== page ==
Side by side with some of my best friends, I attended the Women's March in New York City on January 21, 2017. For anyone who has been living under a rock, the Women's March is estimated to be the largest single protest in history, with sister marches all over the world - including Antarctica. The original march was planned for Washington, D.C., where it is estimated that over 500,000 people participated.
The night before, my friends and I had a sign-painting sleepover where they painted beautiful works of art and I kept it simple by just quoting Michael Scott.
Disclaimer: I can't force anyone who disagrees with the Women's March to magically support it. I recognize and respect the fact that I cannot change anyone's opinion. What I can do is talk about my experience and express just how positive it was.
This was my second protest in NYC - the first being the Anti-Trump protest on November 9th, following the election of Donald Trump. I hate him. He's a racist, fascist, misogynist with no regard for humanity. He is Hitler and we are living in 1934. I am not going to sugarcoat or hide my feelings about him. That being said, we live in the United States of America, where the press is free, the First Amendment exists, and you have the right to believe anything you want. Which can be annoying when the President is allowed to openly say that he grabs women by the pussy and still get elected, but is marvelous because that means things aren't quite as bad as they seem.
I marched alongside people of every possible race, gender, sexuality, religion, economic background, etc. It was the most polite protest to probably ever happen, and it was fun. That's right, marches and protests are fun. There were funny chants - "Hands too small, can't build a wall!" - and serious chants - "My body, my choice! (Her body, her choice!)" People in their twilight years juxtaposed by children in strollers. And people supporting every possible cause you can think of, from climate change to Planned Parenthood.
These are all things I believe in. I believe in climate change. I believe in safe access to LEGAL abortion. I believe in marriage equality. I believe in affordable healthcare as a basic human right. I believe in Freedom of Speech even when the speech goes against my own opinions. I believe in Freedom of the Press even when the press goes against my own opinions (looking at you Fox News). I believe in the ability of women and girls to pursue whatever career they choose regardless of their gender. I believe in the ability of women and girls to choose being a stay-at-home mom if that is what they want. I believe in intersectional feminism that includes women who don't have vaginas. I believe in feminism that does not benefit me, whether that means equal draft eligibility or eliminating the pay gap for women of color (which, by the way, is much larger than the pay gap for white women), or advocating for equal education of men, women, and children with disabilities.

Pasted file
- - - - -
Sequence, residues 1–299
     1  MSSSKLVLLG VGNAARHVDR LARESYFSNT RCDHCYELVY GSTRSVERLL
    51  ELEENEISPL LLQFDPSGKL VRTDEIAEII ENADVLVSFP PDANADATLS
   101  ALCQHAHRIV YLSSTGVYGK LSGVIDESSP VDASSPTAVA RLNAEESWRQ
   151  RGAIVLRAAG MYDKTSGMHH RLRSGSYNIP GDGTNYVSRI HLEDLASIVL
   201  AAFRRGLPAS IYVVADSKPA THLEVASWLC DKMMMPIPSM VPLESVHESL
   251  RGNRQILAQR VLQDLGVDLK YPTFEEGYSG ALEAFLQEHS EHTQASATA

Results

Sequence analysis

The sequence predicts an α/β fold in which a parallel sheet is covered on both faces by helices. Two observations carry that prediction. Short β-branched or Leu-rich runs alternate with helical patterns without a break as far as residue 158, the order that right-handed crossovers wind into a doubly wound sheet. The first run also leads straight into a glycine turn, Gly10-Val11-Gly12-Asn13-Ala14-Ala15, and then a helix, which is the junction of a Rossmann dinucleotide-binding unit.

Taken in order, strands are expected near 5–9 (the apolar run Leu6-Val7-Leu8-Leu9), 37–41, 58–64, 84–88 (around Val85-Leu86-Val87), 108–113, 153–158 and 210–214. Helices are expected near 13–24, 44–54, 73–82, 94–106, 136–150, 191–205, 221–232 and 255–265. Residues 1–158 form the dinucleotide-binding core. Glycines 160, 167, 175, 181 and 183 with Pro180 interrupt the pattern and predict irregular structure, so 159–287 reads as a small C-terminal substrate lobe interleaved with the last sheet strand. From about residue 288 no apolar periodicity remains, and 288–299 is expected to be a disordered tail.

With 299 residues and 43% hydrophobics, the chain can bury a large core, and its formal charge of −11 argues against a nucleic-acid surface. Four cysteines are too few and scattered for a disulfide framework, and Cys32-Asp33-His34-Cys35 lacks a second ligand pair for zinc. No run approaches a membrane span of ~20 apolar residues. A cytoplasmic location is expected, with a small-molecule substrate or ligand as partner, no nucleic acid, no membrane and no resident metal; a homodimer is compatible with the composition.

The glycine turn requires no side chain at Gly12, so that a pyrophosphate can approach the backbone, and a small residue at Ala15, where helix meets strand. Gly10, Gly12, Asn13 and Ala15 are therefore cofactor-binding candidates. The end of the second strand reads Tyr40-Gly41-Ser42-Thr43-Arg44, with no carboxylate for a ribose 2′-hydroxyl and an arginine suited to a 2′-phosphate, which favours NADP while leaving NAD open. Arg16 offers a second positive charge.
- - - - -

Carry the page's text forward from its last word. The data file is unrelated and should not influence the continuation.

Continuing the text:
When I marched, I marched for myself. I marched as a woman, a playwright, a comedian, a daughter, a fat person, an animal lover, a friend, and a fighter. I marched for my mom, a small business owner who spent my entire childhood splitting her time between running a successful business and attending to all of my needs. I marched for my grandma, who doesn't see eye-to-eye with me politically, but is still my best friend and inspiration. I marched for my fellow lady artists who continue to work tirelessly to tell stories about other women that are true, powerful, funny, heart-breaking, and engaging. I marched for my gay friends, my trans friends, my straight friends, my black friends, my Latinx friends, my Asian friends, my man friends, my woman friends, my non-binary friends. I marched for girls who don't get the chance to go to school. I marched for girls who have to miss school because they don't have access to feminine hygiene products. I marched for the women who disagree with me. I marched for Trump supporters. I marched for the people that I love who might not believe in the same things that I do, but who are every bit as worthy of happiness as everybody else.
Sometimes I get angry. Sometimes I wonder how anyone could disagree with me. Sometimes I call people out on their bullshit. Sometimes I am aggressive, intense, overzealous. But, even with those things considered, I am hopeful. Please, for the love of God, talk to each other. I am equally guilty of Facebook rants and Twitter shade, but I want to have uncomfortable conversations. If the apocalypse actually does happen, all we have is the people we love, and then it won't matter if you believed in a flat tax or increased taxes for billionaires. It will matter how fast you can run, and I recently realized that I can't run that fast, so that is my new goal. But I digress.
I'm thankful for the Women's March. And regardless of your opinion on it, nothing can take away the positive memories I created that day and the sense of purpose that I felt.